This analysis shows that a special relativity interpretation matches observed type 1a supernova redshifts. Davis & Lineweaver reported in 2003 that a special relativity match to supernova redshift observations can be ruled out at more than 23σ, but MacLeod’s 2004 conclusion that this finding was incorrect and due to a mathematical error is confirmed. MacLeod’s plot of special relativity against observation has been further improved by using celerity (aka proper velocity) instead of peculiar velocity. A Hubble plot of type 1a supernova celerity against retarded distance has a straight line of 70 km s-1 Mpc-1 for as far back in time as we can observe, indicating that, with a special relativity interpretation of cosmological redshift, expansion of the universe is neither accelerating nor decelerating, and it is not necessary to invoke the existence of dark energy.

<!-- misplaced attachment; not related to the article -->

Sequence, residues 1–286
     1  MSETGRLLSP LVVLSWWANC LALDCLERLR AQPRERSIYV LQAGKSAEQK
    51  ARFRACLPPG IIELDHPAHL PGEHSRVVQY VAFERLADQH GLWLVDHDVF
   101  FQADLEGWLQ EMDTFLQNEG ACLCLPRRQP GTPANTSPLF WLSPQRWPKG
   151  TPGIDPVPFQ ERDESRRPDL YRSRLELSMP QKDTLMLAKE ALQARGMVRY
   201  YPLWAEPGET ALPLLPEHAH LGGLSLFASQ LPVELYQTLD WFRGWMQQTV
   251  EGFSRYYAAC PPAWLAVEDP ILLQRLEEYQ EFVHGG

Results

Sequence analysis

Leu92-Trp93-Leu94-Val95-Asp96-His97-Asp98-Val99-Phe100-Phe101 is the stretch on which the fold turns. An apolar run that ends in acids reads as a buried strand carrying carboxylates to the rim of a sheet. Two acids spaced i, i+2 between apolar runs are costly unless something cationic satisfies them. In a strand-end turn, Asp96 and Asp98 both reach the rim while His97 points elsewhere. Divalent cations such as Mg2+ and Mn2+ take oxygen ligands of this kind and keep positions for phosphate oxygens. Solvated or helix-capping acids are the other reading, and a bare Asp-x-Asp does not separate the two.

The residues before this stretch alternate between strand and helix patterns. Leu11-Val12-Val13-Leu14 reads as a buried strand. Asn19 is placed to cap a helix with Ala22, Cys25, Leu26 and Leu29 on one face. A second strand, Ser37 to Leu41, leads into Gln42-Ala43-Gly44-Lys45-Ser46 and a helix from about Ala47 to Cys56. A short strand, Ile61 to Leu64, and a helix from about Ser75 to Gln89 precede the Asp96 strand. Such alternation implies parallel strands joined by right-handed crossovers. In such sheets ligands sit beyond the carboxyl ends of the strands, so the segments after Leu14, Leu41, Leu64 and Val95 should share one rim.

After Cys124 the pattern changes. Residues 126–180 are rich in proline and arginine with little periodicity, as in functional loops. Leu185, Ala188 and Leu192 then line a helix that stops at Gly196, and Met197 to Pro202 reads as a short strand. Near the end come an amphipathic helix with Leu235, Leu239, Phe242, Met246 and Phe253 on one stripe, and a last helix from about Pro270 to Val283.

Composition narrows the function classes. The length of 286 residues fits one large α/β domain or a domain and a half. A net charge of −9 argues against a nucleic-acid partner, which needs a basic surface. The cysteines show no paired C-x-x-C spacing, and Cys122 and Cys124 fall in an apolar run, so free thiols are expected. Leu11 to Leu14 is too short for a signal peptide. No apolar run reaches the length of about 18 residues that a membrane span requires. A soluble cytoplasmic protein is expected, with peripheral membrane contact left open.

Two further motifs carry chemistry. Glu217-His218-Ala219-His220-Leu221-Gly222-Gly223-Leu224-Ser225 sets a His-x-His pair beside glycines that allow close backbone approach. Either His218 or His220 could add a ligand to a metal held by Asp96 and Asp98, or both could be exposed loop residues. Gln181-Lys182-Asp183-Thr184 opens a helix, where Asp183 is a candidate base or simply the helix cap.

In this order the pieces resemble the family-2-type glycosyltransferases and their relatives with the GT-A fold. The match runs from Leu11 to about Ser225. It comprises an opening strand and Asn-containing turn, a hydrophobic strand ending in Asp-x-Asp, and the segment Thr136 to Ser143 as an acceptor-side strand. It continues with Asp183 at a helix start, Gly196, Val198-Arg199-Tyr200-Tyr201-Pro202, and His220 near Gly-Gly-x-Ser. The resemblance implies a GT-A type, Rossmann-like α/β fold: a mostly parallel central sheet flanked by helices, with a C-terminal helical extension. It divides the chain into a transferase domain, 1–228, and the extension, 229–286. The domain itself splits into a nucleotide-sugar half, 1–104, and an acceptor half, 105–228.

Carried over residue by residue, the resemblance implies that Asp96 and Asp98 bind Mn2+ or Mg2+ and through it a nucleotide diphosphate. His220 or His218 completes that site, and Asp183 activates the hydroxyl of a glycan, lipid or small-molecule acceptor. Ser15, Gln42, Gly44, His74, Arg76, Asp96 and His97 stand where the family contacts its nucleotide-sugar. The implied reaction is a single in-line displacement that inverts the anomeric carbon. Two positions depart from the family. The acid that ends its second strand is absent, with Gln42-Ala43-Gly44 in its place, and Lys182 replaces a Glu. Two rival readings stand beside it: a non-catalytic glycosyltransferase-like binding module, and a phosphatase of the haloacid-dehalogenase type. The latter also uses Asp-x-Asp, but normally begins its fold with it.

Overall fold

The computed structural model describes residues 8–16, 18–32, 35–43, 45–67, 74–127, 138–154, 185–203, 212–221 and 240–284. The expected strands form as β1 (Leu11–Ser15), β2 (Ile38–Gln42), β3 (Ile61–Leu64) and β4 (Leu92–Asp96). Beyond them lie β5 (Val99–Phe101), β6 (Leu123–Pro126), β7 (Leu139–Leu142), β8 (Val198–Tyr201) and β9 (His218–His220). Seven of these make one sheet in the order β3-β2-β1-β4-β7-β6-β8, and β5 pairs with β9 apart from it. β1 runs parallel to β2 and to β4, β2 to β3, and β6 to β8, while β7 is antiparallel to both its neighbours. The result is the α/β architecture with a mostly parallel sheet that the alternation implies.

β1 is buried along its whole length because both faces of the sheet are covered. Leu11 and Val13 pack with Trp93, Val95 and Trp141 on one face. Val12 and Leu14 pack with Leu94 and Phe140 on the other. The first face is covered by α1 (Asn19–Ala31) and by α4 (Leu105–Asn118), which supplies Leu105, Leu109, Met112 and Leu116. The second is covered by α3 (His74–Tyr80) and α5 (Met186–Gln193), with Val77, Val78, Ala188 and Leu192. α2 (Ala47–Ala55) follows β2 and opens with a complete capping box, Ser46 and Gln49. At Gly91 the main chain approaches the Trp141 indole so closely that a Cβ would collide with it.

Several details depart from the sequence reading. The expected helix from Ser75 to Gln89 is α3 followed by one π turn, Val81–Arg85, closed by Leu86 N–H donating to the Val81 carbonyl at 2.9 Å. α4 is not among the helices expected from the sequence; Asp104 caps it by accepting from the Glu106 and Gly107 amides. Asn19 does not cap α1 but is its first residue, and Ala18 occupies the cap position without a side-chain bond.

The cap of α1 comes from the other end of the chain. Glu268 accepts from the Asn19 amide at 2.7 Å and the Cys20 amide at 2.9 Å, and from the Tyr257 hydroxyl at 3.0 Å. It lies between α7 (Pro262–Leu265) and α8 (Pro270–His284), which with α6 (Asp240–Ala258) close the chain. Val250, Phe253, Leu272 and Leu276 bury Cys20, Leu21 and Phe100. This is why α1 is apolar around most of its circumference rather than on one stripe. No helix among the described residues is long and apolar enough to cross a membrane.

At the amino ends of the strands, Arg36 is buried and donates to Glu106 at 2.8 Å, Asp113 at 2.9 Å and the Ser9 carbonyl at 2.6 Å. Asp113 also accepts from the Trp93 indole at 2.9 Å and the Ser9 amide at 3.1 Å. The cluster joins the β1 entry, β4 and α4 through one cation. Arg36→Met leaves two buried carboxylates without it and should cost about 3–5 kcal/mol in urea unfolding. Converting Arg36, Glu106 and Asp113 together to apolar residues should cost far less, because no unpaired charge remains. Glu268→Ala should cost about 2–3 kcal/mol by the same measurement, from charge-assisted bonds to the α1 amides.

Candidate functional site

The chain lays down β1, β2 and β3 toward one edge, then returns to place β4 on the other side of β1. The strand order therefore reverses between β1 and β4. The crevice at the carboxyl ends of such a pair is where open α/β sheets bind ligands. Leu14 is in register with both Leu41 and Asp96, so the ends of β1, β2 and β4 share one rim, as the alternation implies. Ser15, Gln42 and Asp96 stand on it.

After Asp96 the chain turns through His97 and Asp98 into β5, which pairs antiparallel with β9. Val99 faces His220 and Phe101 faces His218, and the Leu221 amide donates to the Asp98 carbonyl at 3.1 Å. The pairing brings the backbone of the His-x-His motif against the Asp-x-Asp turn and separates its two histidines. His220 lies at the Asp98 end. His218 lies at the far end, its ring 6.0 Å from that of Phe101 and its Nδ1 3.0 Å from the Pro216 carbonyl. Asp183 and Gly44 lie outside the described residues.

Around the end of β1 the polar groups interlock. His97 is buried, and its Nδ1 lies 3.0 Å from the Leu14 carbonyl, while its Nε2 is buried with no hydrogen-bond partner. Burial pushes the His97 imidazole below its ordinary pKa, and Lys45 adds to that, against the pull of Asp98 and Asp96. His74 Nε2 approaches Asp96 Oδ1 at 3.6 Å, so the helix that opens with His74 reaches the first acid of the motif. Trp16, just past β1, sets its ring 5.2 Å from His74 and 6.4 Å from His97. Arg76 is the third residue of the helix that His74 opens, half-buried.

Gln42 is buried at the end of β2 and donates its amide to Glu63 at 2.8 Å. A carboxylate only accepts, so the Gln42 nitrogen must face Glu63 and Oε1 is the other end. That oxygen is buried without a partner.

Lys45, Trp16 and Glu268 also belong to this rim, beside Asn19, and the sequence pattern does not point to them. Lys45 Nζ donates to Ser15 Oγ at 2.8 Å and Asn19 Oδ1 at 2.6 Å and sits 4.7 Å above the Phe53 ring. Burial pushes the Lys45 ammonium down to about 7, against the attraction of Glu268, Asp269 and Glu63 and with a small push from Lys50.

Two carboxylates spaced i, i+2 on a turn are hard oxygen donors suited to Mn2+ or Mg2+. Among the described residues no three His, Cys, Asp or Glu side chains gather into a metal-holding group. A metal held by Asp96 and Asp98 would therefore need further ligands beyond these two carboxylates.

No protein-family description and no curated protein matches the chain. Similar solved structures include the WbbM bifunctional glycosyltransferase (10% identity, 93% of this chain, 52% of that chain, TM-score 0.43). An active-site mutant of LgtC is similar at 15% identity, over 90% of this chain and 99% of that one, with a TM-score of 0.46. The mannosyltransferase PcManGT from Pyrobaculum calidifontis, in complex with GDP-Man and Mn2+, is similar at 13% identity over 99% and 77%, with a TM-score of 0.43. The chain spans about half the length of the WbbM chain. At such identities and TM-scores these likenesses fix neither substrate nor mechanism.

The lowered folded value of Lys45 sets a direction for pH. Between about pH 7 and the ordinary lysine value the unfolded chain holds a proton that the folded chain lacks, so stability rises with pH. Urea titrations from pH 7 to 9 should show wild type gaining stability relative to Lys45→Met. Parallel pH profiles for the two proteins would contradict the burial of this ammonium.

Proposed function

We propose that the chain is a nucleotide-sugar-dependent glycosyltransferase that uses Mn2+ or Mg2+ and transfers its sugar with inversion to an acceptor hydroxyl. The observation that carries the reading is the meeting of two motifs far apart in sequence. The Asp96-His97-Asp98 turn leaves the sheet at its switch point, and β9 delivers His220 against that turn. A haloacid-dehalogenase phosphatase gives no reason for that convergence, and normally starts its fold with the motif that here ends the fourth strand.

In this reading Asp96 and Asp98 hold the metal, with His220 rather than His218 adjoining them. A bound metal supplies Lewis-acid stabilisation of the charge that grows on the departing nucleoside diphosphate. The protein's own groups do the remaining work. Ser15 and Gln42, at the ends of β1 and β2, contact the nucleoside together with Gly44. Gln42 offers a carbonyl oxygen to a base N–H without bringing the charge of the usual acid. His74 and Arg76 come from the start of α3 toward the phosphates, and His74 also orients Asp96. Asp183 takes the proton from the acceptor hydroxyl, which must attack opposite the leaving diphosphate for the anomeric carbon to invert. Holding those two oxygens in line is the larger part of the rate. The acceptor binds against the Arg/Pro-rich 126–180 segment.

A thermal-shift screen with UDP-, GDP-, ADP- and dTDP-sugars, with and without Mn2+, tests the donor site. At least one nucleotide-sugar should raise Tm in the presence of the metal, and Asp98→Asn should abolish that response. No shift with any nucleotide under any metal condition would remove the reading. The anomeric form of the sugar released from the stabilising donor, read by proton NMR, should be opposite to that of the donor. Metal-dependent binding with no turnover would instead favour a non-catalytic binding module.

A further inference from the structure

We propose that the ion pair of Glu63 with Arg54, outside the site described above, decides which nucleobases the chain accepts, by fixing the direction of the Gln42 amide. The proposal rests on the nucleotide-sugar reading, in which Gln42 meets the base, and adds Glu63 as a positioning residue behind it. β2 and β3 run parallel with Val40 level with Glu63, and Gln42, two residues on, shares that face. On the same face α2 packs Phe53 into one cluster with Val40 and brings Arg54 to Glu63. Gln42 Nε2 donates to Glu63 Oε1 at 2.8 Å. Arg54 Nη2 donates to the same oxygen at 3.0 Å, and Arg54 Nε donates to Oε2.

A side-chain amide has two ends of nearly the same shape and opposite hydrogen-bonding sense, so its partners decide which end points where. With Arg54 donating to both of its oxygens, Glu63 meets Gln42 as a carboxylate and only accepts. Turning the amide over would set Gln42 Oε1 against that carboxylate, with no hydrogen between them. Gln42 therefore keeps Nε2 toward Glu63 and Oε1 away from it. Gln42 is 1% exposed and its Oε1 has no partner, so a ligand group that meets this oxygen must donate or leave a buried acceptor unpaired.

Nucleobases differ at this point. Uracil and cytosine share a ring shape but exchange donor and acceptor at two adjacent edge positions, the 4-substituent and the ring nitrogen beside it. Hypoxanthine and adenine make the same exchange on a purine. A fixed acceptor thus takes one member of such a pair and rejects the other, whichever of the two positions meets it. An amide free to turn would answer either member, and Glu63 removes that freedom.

The words used to describe time don’t clearly distinguish when time is a dimension, used for locating objects and events in spacetime, and when it is a property of objects that can age at different rates. It is proposed to revise the terminology of time to distinguish between ‘tick-time’ (a dimensional property) and ‘tock-time’ (a property of objects related to energy).